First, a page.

Today is the 150th anniversary of the loss of the Confederate submarine, H.L. Hunley.
I know a few of you are currently enrolled in Stephanie McCurry’s online course on slavery and the Civil War. I will be very interested to see how that goes. In the mean time here is another online offering from something called the Center For Historical Research Studies. The following course is being offered by Tim Daniel, who is the center’s director of history.
I don’t think I will be taking this course.
Alvin C. Voris rose through the ranks in command of Ohio troops and by the end of the war was brevetted major general. Below are a few excerpts from his letters which were published a few years ago as A Citizen-Soldier’s Civil War: The Letters of Brevet Major General Alvin C. Voris and edited by Jerome Mushkat.
I find the evolution of Voris’s thinking on the conduct and service of black soldiers to be quite interesting and reflective of a broader trend within the Army of the Potomac and Army of the James. By November 10 Lincoln had been reelected and Voris had taken temporary command of a black unit. The Crater represents the nadir of white perceptions of their black comrades in arms. There is no questioning the fact that Ferrero’s Fourth Division was scapegoated by both those who were on the battlefield that day and those who learned later about it later, but a closer look suggests that the condemnations were relatively restrained and short-term.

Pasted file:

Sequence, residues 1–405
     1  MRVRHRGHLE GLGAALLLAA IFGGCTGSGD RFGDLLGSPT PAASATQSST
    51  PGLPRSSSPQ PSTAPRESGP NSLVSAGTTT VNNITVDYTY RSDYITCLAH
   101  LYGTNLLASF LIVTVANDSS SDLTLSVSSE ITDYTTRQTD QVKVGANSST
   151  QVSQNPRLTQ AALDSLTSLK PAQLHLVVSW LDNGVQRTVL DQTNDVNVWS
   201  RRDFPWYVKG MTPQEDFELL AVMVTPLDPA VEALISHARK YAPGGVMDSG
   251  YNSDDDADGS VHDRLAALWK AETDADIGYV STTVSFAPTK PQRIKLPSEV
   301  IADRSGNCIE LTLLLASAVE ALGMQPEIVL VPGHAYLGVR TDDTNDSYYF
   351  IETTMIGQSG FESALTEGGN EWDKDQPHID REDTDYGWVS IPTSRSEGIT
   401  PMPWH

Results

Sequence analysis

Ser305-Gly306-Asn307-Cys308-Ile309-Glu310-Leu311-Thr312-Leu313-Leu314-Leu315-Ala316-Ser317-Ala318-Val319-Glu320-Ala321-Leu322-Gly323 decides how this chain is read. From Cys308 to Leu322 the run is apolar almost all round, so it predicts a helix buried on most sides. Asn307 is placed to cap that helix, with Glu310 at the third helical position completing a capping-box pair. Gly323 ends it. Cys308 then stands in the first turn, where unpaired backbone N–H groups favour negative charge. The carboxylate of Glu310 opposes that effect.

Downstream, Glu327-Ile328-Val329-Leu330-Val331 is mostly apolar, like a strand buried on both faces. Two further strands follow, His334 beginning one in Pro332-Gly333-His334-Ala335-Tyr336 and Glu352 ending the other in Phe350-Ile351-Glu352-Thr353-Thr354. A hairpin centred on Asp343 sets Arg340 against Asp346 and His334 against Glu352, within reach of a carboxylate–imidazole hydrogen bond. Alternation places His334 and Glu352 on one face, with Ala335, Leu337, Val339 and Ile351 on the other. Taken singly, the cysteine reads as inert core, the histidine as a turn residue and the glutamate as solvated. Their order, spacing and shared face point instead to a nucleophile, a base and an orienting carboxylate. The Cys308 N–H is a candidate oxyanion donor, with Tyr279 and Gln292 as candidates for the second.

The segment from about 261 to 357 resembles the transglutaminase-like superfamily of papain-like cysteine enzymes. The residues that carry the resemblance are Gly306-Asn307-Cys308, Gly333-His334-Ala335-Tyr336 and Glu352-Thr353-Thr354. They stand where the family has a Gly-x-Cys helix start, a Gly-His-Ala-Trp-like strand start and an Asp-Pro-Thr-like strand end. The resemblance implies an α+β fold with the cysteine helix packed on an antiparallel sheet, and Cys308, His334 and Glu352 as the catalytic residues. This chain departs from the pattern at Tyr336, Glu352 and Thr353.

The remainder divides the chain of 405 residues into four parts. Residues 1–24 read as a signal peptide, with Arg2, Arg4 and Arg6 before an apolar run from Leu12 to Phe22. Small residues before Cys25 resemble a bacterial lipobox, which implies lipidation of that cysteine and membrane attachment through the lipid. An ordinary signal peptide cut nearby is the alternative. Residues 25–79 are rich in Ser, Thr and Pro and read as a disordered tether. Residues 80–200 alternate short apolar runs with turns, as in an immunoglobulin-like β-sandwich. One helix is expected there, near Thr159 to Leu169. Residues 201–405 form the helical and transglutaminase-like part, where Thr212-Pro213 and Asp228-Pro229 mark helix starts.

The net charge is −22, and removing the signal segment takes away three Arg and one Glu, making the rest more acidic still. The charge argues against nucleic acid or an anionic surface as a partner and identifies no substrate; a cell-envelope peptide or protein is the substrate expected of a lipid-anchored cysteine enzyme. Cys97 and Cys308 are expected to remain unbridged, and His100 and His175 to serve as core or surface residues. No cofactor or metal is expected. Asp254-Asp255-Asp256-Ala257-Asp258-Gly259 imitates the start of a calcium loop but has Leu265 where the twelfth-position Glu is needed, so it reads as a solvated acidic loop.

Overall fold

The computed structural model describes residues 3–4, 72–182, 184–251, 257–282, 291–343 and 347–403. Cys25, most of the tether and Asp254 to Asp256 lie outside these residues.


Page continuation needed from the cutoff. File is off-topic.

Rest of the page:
It’s a more complex story and one that I am currently exploring for an essay that I need to finish in the next few weeks. Continue reading
Earlier today I was going through my collection of original Civil War era newspaper and came across an issue of Frank Leslie’s Illustrated from July 9, 1864. The first page includes this wonderful illustration of the charge of General Hinks’s “colored troops” outside of Petersburg in mid-June. Ohio troops cheer them on in the background. It’s a wonderful find as I continue to explore how white Union soldiers responded to the use of USCTs a few weeks later at the Crater.
It’s a powerful image, but we should proceed carefully in interpreting it. For some it is an image that fits into a popular and satisfying narrative that is framed around slavery, emancipation, military service, freedom, postwar promises of civil rights, and the eventual slide into Jim Crow. From this perspective we may be tempted to dismiss the cheering of the Ohio men as something fleeting or, in hindsight, even insincere. Such an interpretation, however, misses a salient point about white Union soldiers. They were not engaged in a civil rights struggle. Continue reading
I am really enjoying the opportunity to go back and review the letters and diaries of white Northern soldiers who fought at the Crater. Now that I’ve done so I regret not going deeper into these wartime accounts in the book. Hopefully, this little essay project will make up for it. In this post I want to share a couple soldier accounts from the battle and solicit some feedback. Continue reading